'Maybe Next Year' is new documentary on Eagles fans during 2017 Super Bowl season

The 2020 NFL season has not been a pleasant one so far for Eagles fans, as the Birds currently sit at 1-4-1 through six games. 

But for those who are looking for a pick-me-up and a flashback to happier times at Lincoln Financial Field, a documentary on Eagles fans during the 2017 Super Bowl season is coming out next month.

The film, titled “Maybe Next Year,” tells the story of the Eagles winning their first Lombardi Trophy in franchise history through the eyes of the team’s loyal, yet tortured, fan base.

The film focuses primarily on four diehard fans: Jesse, a man who’s part of a multigenerational family of Eagles fans; Barry, a Berks County native who has built an Eagles-themed man cave in his home; Eagle Shirley, a frequent sports radio caller who is familiar to fans of the WIP Morning Show; and Bryant, a fan who is famous for his obnoxious and profane YouTube rants after Eagles games under a very different name.

The documentary is directed by Kyle Thrash, a Pennsylvania native and Drexel alum, who said that he was inspired by his own Eagles fandom while growing up when creating this project.

“The passion for the Eagles grew inside me over the years so when I was looking for my next project, I knew there was no better place to go,” Thrash wrote on the film’s website. “I set out to explore fandom with objectivity and to provide an honest, reflective inside-out view of the most stigmatized fanbase in the country.”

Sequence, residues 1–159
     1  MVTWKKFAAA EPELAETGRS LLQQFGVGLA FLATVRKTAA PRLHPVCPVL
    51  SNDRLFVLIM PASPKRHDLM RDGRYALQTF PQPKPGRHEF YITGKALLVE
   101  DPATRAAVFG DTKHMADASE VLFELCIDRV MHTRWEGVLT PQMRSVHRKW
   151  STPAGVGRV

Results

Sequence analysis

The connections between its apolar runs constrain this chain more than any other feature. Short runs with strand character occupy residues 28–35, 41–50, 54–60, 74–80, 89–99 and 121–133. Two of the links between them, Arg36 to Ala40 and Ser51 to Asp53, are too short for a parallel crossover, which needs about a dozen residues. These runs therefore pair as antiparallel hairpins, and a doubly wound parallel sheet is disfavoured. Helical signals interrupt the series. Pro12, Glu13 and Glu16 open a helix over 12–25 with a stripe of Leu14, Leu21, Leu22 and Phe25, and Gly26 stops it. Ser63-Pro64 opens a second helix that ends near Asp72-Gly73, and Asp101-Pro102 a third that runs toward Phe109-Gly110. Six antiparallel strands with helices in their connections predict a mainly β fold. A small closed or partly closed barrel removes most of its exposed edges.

“Maybe Next Year is a love letter to my favorite place on earth and an ode to everyone who waited their entire lives to be called champions,” Thrash continued. “There was something in the air that year and I was drawn to it the same way I was drawn to the Vet as a kid. I hope this film means as much to the city and its people as they do to me.”

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The documentary, which took two years to produce, is Thrash’s film feature debut. He told PhillyVoice in an interview last year that he originally envisioned it as a documentary short by filming tailgaters and other fans during early-season home games, but that it eventually evolved into something much bigger.

“Football means so much to people,” Thrash said. “It’s really like a tribal thing. You find your tribe, this group together that on Sunday you can put all your differences aside, put your work aside, and put your woes aside to come together and be united and cheer for one thing. It becomes more than a sport very quickly.”

The recently released trailer for the documentary can be viewed below.

The film is slated to come out on Tuesday, Nov. 10, and is available for pre-order online.

In the meantime, a number of drive-in screenings of the documentary are being held across the Philly area over the next two weeks, including at the Navy Yard in South Philly and the Greater Philadelphia Expo Center in Oaks, Montgomery County.

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